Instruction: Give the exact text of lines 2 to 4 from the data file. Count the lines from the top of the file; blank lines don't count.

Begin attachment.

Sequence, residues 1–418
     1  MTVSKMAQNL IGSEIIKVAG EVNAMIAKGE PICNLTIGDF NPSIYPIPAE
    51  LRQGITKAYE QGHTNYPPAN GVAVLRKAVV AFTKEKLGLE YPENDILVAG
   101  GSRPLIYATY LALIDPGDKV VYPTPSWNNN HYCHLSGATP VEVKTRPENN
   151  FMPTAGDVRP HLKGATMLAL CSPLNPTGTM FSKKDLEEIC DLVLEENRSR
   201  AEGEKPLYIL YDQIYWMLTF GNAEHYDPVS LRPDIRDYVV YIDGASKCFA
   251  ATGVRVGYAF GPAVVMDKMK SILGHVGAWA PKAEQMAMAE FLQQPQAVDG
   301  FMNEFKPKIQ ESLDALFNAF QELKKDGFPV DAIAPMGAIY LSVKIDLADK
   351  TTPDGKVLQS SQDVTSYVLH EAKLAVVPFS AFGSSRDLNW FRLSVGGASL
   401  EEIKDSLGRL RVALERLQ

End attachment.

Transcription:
     1  MTVSKMAQNL IGSEIIKVAG EVNAMIAKGE PICNLTIGDF NPSIYPIPAE
    51  LRQGITKAYE QGHTNYPPAN GVAVLRKAVV AFTKEKLGLE YPENDILVAG
   101  GSRPLIYATY LALIDPGDKV VYPTPSWNNN HYCHLSGATP VEVKTRPENN